Brian J. Gail
The Pill and the debt
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By Brian J. Gail
August 15, 2009

It was probably a Freudian slip.

"The separation of procreation from sexual intercourse is the root cause of all sexual perversions." Sigmund Freud said that over 100 years ago. No one appeared to take much notice.

A fellow by the name of Montini said pretty much the same thing about 60 years later; this time the whole world took note. He was thoroughly excoriated. His problem was he was Pope at the time.

40 years ago, Pope Paul VI issued Humanae Vitae, arguably the Catholic Church's most controversial papal encyclical in its 2000 year history. The day after it was released, a full-page ad ran in the New York Times denouncing it. It was signed by hundreds of influential American Catholics, including a number of priests and nuns. Today, an estimated 98% of all U.S. women of children-bearing age, Catholics included, are said to use some form of artificial contraception (see attached footnotes for all data).

The Pope was hardly breaking new ground at the time. The Church has always held that contraception is not in accord with the truth about the human person and the meaning of marriage. Nearly 40 years earlier, in 1930, Pius X issued Casti Connubii, which reaffirmed this church teaching — perhaps as a response to the Lambeth conference held earlier in the year at which time the Anglican Church famously broke ranks with what was then a near universally held belief.

Paul VI did push the envelope, however, in one regard; he got quite specific about the foreseeable consequences of the encyclical's widespread rejection. He identified four areas of concern. First, he said, widespread contraception would lead to "conjugal infidelity and a general lowering of morality." Well ... where to begin? How about with couples who cohabitate, contracept, and marry ... divorcing at a rate of 72%? How about over 50,000,000 U.S. men and women now suffering from incurable genital herpes? Or about 20,000,000 new cases of STD's (sexually transmitted diseases) now being reported each year?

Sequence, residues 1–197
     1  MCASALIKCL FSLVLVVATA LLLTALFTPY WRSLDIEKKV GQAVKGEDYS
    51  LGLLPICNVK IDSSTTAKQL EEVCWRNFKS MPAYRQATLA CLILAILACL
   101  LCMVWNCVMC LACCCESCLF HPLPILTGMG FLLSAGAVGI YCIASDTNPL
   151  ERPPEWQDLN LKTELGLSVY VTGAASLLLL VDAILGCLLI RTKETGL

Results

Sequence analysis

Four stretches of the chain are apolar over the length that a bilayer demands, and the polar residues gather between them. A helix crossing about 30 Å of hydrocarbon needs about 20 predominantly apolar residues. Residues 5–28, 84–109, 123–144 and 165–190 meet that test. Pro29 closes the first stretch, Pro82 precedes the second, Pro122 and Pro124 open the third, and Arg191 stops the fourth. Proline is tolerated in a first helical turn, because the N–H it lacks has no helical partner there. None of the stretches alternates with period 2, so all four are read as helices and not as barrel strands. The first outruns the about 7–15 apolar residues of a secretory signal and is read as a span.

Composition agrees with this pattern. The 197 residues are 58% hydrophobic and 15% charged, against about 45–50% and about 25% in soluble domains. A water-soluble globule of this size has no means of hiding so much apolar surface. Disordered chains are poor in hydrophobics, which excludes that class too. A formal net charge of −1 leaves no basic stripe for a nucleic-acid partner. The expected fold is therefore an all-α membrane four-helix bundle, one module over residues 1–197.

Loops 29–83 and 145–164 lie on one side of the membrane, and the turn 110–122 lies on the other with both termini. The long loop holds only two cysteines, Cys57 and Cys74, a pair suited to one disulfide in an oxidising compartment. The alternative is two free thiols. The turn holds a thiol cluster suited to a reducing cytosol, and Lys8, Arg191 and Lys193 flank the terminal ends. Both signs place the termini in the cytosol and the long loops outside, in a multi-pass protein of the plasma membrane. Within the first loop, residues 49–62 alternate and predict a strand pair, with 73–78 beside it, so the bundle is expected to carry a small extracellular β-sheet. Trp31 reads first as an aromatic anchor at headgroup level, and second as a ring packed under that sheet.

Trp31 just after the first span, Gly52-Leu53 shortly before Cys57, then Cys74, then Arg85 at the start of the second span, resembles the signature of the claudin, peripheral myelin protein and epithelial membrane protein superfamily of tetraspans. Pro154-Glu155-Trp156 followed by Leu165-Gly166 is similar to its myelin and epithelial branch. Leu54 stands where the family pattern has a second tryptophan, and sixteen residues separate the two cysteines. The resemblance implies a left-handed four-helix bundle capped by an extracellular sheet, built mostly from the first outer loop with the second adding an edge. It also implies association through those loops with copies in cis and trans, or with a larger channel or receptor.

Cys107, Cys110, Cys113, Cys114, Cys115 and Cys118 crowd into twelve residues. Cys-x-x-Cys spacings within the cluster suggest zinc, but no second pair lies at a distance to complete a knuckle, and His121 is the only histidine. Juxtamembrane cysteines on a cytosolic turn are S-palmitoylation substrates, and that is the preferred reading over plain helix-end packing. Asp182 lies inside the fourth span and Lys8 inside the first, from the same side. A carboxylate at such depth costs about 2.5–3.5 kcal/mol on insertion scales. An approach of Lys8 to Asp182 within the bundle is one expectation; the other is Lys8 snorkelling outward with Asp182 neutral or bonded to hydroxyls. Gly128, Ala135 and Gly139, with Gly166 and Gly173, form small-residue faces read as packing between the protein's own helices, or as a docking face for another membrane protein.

He also said we could expect man to "lose respect for the woman," regarding her as little more than an "instrument of selfish enjoyment and no longer as his beloved companion ...." Women who use a hormonal contraceptive for a minimum of five years prior to their first full-term pregnancy are at a 50% higher risk of developing breast cancer ... and 200% more likely to contract cervical cancer. Only one in three couples now reach their 25th wedding anniversary; only one in five reach their 35th.

Thirdly, he said widespread acceptance of contraception would place a "dangerous weapon in the hands of those public authorities who take no heed of moral exigencies...." Think Cairo Conference, where John Paul II had to enlist the support of Muslim nations to outmaneuver the Clinton administration (which wanted to tie foreign aid to forced contraception and abortion practices in third-world countries). Think Western Europe nations, whose birth rates have slipped below replacement level (2.1) and are now in danger of being "Islamicized" (see Sunday's NYT Magazine cover story). Think China, which now has nearly 20% more men than women under the age of 25 since launching their "one child" policy in the 80's. Let's be clear: no nation has ever confronted this kind of social problem; perhaps it will someday become the world's problem.

Finally, Paul VI warned that contraception would lead men and women to think they had "limitless dominion" over their own bodies and functions; he further suggested it would lead to life at both ends of the continuum being "endangered." Today, by age 45, at least one partner in every two U.S. marriages has been sterilized. Since 1973, nearly 50,000,000 of our children have been legally, and surgically, aborted in their mother's wombs (according to Family Planning Perspectives' data, the pill has a 48.4% failure rate among cohabitating teens). In Great Britain and Japan, scientists have announced their intention to clone a human being. Right-to-die laws exist in Oregon and, soon, California; it is expected more states will quickly follow.